Bill: That’s exactly what’s starting now and it’s going to continue to happen over the next two to three years. It’s going to require a policy response on the part of our leadership, both executive and legislative, to start doing something about this. I read here last week that the trustees for Social Security and Medicare have said because of the virus that the date that the Social Security system will run out of money has now been pushed up from 2035 to 2029, which is just nine years from now. And the date that the Medicare system will basically run out of money has been pushed up to 2026, which is six years out, and they said under a worst case scenario it could be in three years.


Anastasia: What happens when they run out of money?


Bill: Well, what I’m saying when they run out of money basically is that in the past they had some surplus, they had some funds they can draw on, and so at those points in time those surpluses would be gone, and the only thing that would be paying for those services going forward would be the current taxes that you’re paying from income taxes and payroll taxes into the system. And so in the case of Social Security, it doesn’t mean that what you’re paying into today is going to go away, but in 2029 the expected benefit that you would receive would drop from $1.00 to about 79 cents. And in the case of Medicare, one dollar that would be used for medical expenses would drop to roughly 90 cents.


Anastasia: So anyone who has been including those numbers in their retirement planning or their financial planning, people are going to need to rethink those numbers.


Bill: Rethink them and consider how they can basically come up with funds themselves through savings and investments to make up that difference.


Anastasia: It really just puts more of an onus on people to be making their own money to support themselves in retirement, or-- that’s just tough. (Laughs) This is a crappy situation. (Laughs)


Bill: (Laughs) Well, it requires that people think about this and right now with the virus and the huge amount of debt that exists not only with the U.S. government but just pretty much across the world, is that it’s really a good time to consider - what are needs vs. wants? I know that we’ll talk about this in another podcast, but how do you build your own savings, and how do you start to prioritize necessities over luxuries in life. And think about how you can be more thankful or appreciative of the basics in your life that are taken care of, and in the process of doing that, put more of an emphasis on making sure that if we go into another situation like what we’ve had with this virus, that you are in a position where you have enough cash saved in emergency funds to get through it and not put yourself or your family in peril for not having the funds to be able to pay the rent or to buy food.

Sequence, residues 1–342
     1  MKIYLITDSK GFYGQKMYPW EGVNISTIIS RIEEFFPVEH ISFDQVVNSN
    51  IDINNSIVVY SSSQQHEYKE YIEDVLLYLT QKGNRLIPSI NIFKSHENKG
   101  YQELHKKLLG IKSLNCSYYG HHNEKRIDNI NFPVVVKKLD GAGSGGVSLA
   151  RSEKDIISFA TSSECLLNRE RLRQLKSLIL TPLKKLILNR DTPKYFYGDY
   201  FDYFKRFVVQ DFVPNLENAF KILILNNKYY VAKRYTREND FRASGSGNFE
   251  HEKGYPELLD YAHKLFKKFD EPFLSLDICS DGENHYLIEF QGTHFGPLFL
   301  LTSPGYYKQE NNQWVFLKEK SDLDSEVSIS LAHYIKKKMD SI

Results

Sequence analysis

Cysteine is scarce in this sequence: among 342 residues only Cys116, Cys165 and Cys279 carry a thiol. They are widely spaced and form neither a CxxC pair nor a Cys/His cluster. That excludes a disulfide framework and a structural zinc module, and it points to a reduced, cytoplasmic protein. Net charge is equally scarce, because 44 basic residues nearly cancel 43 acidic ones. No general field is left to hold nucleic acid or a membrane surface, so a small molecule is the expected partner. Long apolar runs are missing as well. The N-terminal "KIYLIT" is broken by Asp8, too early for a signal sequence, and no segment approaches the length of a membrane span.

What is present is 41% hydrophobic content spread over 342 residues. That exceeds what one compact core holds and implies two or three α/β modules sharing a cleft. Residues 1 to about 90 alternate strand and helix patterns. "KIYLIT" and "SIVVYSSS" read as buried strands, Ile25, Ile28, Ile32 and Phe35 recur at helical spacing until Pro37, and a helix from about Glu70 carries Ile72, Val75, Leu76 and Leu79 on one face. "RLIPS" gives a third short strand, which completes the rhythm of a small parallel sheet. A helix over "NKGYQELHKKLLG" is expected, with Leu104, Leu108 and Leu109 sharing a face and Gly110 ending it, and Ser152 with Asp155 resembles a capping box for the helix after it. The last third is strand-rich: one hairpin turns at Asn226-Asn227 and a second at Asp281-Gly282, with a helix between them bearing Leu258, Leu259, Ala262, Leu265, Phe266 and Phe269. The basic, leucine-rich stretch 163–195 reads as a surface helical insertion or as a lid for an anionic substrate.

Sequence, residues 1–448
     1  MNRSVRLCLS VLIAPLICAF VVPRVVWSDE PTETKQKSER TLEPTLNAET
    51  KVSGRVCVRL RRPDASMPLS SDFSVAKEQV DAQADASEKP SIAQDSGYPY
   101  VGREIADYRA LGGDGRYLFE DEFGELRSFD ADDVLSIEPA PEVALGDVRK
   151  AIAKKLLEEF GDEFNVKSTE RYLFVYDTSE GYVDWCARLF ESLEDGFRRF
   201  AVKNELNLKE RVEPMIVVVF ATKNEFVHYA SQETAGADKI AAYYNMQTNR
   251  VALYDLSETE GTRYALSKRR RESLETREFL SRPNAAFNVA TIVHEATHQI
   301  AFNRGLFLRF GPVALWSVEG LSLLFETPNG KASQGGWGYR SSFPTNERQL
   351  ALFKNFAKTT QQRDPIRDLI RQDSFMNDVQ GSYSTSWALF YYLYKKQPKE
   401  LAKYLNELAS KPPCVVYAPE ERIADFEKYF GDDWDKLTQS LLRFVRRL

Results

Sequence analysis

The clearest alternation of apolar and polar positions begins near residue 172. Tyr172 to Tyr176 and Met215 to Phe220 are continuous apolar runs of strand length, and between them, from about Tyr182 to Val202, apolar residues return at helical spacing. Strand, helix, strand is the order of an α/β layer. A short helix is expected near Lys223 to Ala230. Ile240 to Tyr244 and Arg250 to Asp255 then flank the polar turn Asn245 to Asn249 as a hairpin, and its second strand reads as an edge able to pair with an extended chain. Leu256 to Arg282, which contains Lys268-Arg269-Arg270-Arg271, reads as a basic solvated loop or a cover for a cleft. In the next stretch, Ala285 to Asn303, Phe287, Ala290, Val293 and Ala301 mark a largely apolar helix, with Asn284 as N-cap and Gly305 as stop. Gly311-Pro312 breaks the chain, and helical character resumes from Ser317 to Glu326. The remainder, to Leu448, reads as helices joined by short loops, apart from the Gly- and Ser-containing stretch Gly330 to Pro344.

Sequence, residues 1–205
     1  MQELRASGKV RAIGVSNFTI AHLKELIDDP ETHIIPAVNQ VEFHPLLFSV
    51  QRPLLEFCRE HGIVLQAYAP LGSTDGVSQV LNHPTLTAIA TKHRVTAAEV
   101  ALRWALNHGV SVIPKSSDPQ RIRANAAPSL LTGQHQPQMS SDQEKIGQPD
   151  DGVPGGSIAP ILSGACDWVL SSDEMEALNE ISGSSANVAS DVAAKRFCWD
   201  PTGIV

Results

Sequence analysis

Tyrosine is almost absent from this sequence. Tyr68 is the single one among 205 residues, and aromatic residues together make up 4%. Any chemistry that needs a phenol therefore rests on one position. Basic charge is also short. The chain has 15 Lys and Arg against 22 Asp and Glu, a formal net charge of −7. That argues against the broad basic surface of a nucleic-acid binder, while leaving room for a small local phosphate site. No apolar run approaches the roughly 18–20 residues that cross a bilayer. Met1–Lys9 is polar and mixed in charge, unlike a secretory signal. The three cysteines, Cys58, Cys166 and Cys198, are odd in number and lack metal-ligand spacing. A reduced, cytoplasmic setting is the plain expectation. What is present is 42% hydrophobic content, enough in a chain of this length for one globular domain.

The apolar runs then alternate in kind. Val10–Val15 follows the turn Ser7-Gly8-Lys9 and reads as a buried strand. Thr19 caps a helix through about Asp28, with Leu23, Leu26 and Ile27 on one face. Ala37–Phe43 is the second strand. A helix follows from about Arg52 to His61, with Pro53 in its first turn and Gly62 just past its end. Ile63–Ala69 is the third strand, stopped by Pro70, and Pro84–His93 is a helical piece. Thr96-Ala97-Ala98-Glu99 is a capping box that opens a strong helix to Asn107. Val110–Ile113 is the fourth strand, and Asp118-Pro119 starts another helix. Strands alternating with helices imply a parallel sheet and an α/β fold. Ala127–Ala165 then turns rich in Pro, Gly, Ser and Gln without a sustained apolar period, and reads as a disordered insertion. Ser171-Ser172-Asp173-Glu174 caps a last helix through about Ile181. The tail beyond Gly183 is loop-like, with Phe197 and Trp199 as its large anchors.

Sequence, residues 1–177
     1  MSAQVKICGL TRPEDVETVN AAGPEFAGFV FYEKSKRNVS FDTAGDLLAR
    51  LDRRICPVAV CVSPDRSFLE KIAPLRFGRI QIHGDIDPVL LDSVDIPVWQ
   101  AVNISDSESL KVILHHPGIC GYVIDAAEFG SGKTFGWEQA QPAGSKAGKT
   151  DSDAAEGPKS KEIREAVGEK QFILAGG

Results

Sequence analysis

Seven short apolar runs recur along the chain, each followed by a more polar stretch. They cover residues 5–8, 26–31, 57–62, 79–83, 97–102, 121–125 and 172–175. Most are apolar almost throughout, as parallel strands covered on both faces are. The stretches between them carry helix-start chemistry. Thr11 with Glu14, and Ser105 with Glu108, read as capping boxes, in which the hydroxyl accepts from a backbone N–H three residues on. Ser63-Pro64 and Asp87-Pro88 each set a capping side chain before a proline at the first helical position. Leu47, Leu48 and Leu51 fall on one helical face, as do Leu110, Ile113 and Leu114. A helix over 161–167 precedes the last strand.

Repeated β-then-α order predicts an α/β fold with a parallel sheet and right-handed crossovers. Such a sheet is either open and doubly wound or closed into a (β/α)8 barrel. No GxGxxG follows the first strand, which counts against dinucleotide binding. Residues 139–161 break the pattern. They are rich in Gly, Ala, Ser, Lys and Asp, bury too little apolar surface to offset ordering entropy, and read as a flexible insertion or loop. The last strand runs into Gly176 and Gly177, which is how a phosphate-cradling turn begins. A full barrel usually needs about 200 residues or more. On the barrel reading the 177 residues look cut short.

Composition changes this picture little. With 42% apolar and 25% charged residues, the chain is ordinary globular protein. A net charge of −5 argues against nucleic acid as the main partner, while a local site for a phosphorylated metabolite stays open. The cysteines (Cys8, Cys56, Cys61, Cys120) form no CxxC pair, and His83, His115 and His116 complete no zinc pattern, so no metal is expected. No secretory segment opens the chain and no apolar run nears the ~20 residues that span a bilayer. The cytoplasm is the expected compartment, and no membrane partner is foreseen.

Anastasia: So you’re saying that the debt is a problem now and we should be taking action now. I assume that that action--the onus of that is on politicians, but is there anything that we can do about this very, very large societal issue?


Bill: Well, yes, the onus really is on our political leaders to be responsible. And so, for example there is a group out there, it is a nonpartisan group called the Committee for a Responsible Federal Budget (crfb.org) and you can go online and see their projections and find out what they think is important to get this reversed and then you can contact your political leaders about it. So that’s one thing that you can do personally--express concern to your political leaders about it. But at another level, as we just discussed, making sure personally that you put yourself in a situation where you’re not at risk, which gets to building your savings or having a conversation with yourself about how to prioritize needs vs. wants.


Anastasia: Yeah, we should definitely do a podcast on that soon. Okay, is there anything else that you want to add?


Bill: Yes, this can be a very complex subject and I think we’ve just kind of covered the basics on it, but there are a couple of sources on this that I would recommend and perhaps we can put it on the website.


Anastasia: We can link to it in the episode bio.


Bill: Yeah, there’s an individual by the name of Ray Dalio, and he’s done a 30 minute video at economicprinciples.org that explains economics in a very simple manner to help people understand how a lot of this works. I can tell you that I’ve had both undergraduate and graduate courses in economics and his 30 minute video is as good a synopsis of the whole subject of any that I’ve ever heard. He recently did another TED Talks that’s been placed on YouTube that talks about coronavirus and the effect on our economy and gets to a lot of the points that we discussed here today. So I would encourage any of you that are interested in learning more about it to refer to those sources.


Anastasia: Great, we’ll link to that.


Bill: Other than that, the world is not coming to an end (laughs).


Anastasia: (Laughs) Yet.


Bill: We will get through this (laughs).


Anastasia: We’re going to tell this to ourselves as many times as we need to hear it, probably every day, probably multiple times a day.


Bill: But it’s reached the point where it can’t be ignored any longer.


Anastasia: Which is how America tends to deal with its problem anyway (laughs).


Bill: Yeah, it seems we need to be in crisis mode...


Anastasia: Human nature is put off solving the issue as long as possible Ah, love humanity. So great.


Bill: (Laughs) Yeah.


Anastasia: Okay, well that’s all I had.


Bill: Okay, thank you very much.


Anastasia: Thank you, Dad.


Musical Outro


Anastasia: Thank you for listening to Creating Wealth! If you liked our podcast, please subscribe and consider recommending it to your friends or leaving us a review on your podcast app. We would love to discuss your questions. You can email them to us at askcreatingwealth@taberasset.com. You can also find full transcripts of every episode on taberasset.com. That’s Taber with an “e” not an “o.” Thank you for joining us on the path to financial abundance. We’ll see you next time!